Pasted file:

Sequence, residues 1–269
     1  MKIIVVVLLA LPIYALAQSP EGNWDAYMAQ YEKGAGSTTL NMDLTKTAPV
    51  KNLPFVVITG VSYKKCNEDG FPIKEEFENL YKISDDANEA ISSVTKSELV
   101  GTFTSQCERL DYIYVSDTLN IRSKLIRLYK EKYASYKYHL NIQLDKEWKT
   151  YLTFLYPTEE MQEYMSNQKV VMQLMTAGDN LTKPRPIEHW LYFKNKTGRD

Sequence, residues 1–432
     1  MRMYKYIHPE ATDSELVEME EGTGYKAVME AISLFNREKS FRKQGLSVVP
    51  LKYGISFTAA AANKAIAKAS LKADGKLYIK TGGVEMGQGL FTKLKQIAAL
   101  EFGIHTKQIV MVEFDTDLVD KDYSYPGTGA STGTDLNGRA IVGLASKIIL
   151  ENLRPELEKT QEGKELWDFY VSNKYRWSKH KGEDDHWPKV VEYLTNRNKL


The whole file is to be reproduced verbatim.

Sequence, residues 1–269
     1  MKIIVVVLLA LPIYALAQSP EGNWDAYMAQ YEKGAGSTTL NMDLTKTAPV
    51  KNLPFVVITG VSYKKCNEDG FPIKEEFENL YKISDDANEA ISSVTKSELV
   101  GTFTSQCERL DYIYVSDTLN IRSKLIRLYK EKYASYKYHL NIQLDKEWKT
   151  YLTFLYPTEE MQEYMSNQKV VMQLMTAGDN LTKPRPIEHW LYFKNKTGRD

Sequence, residues 1–432
     1  MRMYKYIHPE ATDSELVEME EGTGYKAVME AISLFNREKS FRKQGLSVVP
    51  LKYGISFTAA AANKAIAKAS LKADGKLYIK TGGVEMGQGL FTKLKQIAAL
   101  EFGIHTKQIV MVEFDTDLVD KDYSYPGTGA STGTDLNGRA IVGLASKIIL
   151  ENLRPELEKT QEGKELWDFY VSNKYRWSKH KGEDDHWPKV VEYLTNRNKL